- same as nowadays streaming, discovering new music when browsing craters: you get a first impression of the artist through the artwork, but then you have all the credits and you can easily identify a collaboration from an artist you like, or stuff like that (or the shop owner directly tells you). Try that with streaming :)
- the 10 minutes of happiness that gives you when you find a real bargain (i still remember as it was yesterday when i found Blind Melon Soup in Berlin Mauerpark fleemarket for... 1 euro!!
well, many other little things that any hobby brings you, even if at the end of the day, you play it in amazon music.... Look at it the other way around, collecting records vs collecting post stamps: much bigger, with pictures of actual cool people, and as extra bonus: they play music!!
 

restorer-john

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and had as many test LPs as music ones (this was 1971).

I can relate to that. The only record I can actually recite verbatim, is my own father's W&G test record spoken word introductions to each track. I first heard it most likely as a foetus in utero- LOL.
 

Galliardist

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Putting a music file through a flawless DAC is no challenge, requires zero skill and is frankly boring unless all you want is the music. I want a whole lot more. People playing vinyl want a whole lot more (and they get that and all the flaws). They choose to use vinyl one day, digital the next, streaming in the car etc.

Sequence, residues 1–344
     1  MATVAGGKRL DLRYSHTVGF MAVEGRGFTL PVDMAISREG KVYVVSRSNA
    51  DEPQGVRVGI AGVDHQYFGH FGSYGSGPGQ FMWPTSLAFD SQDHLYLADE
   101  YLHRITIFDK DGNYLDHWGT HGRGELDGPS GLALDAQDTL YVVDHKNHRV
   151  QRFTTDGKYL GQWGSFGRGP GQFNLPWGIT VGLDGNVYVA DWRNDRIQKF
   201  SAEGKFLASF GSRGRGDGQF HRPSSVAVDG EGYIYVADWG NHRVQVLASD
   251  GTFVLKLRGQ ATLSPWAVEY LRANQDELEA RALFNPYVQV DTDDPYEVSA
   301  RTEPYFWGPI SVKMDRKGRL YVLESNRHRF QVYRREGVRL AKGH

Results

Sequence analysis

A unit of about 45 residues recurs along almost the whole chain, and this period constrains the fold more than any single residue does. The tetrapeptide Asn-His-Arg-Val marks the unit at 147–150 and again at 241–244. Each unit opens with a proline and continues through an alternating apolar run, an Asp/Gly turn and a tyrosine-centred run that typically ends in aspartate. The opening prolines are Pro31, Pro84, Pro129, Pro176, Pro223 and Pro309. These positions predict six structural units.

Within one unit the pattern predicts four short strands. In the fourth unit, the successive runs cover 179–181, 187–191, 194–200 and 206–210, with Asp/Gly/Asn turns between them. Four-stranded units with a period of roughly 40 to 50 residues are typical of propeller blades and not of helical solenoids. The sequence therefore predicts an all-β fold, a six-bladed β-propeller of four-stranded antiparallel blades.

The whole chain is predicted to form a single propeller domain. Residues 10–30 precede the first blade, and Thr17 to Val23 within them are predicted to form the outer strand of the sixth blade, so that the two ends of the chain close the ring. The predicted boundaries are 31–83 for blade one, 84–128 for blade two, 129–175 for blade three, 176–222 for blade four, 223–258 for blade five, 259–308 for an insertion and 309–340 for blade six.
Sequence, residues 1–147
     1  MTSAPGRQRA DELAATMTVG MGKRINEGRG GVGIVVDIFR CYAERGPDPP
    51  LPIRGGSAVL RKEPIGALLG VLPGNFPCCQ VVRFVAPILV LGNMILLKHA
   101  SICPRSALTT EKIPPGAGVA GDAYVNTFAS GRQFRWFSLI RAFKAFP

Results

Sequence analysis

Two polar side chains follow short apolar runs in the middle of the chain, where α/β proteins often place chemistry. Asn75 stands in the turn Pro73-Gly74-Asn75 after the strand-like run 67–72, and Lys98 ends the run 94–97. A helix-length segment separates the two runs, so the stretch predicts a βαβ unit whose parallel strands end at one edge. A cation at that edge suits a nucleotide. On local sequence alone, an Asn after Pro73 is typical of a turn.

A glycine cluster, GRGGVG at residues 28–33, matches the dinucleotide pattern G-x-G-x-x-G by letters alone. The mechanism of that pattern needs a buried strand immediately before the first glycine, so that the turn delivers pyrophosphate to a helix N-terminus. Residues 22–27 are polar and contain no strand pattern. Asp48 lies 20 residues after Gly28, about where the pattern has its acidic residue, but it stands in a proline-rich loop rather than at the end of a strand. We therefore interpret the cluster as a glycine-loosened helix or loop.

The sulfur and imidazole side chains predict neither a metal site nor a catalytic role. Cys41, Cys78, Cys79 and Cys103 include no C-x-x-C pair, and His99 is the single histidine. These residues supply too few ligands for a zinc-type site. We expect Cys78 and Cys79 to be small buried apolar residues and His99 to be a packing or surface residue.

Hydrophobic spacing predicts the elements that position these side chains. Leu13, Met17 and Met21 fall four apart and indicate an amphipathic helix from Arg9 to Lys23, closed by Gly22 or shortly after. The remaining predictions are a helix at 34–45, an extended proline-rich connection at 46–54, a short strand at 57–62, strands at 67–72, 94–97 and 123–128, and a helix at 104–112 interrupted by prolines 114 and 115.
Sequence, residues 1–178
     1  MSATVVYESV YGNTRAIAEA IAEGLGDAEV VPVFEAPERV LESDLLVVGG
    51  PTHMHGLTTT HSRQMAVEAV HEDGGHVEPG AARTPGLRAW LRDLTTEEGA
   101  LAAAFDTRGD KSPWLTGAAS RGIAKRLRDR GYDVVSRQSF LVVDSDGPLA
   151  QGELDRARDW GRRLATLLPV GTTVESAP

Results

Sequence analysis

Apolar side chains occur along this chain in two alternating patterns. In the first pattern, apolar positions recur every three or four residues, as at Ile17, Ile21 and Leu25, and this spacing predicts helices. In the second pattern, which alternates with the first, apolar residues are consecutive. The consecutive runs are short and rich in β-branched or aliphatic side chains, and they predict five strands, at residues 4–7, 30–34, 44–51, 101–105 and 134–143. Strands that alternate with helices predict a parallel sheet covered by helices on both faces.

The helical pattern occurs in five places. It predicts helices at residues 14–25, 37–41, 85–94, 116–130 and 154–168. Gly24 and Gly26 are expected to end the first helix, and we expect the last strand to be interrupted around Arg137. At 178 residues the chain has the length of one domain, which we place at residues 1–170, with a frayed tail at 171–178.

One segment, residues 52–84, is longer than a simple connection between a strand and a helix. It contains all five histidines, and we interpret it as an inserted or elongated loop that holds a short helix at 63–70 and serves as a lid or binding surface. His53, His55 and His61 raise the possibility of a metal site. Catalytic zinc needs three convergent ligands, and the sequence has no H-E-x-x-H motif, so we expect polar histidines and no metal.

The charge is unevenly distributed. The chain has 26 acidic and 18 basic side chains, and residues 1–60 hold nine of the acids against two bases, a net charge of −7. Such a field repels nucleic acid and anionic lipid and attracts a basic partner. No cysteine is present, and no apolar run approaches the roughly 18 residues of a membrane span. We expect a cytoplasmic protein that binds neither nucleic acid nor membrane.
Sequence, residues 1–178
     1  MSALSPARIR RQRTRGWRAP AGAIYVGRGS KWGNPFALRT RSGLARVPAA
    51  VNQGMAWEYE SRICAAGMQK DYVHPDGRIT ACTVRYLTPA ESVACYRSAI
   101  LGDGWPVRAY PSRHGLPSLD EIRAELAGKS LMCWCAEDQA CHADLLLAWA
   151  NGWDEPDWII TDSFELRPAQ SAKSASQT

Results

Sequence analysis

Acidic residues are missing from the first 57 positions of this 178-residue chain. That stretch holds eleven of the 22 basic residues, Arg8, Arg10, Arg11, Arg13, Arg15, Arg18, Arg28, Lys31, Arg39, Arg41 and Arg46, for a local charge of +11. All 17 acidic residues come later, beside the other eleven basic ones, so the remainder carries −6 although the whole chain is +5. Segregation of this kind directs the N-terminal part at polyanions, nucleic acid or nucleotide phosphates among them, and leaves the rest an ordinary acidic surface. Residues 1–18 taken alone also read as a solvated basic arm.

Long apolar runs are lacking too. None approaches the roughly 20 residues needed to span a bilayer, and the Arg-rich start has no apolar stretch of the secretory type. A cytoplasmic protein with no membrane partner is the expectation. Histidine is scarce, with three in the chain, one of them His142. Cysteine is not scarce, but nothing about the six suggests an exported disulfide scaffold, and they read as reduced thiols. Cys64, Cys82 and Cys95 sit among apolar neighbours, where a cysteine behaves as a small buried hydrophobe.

Well, what I want is the music. I thought that was the key point of having a system to, er, play back music.

i stayed with vinyl longer than I might have otherwise, because that's where the music I had access to was at the time.
 

sergeauckland

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I can relate to that. The only record I can actually recite verbatim, is my own father's W&G test record spoken word introductions to each track. I first heard it most likely as a foetus in utero- LOL.
I used to be able to recite the Ampex and BASF alignment tapes intros, including the accents.

S.
 

Galliardist

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The loss of bricks and mortar stores is sad. I worked in one through my teen years and it felt like all I had to do was be at work and I would eventually meet 'everybody!'

It seems we have fewer small wine shops, too. (I guess true for many things.)
Agreed, but not everything about buying vinyl from bricks and mortar stores was good. I had to return a fair few bad LPs and that was rarely a pleasure. On one occasion I spent over half an hour arguing about a record with the centre hole nearly an inch off centre before it was taken back. Then the damn shop sold that same record to one of my friends! We took it in at 11am on Saturday, their busiest time, and made our complaint loudly with that one.

I had a reminder of this recently when queuing to buy a flash drive at our local record/microwave shop, when someone was at the counter trying to return a badly warped record and was being told it was her fault.
 

Galliardist

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Try that with streaming :)
-
So on Tidal, most albums came with performer info in the "credits" section. Since uploading tracks was outsourced to third parties, that mostly stopped and now you just get "MainArtist" and Recording Engineer a lot of the time. I think if a streaming service got all this information right, even at extra cost, it would actually benefit them in market share.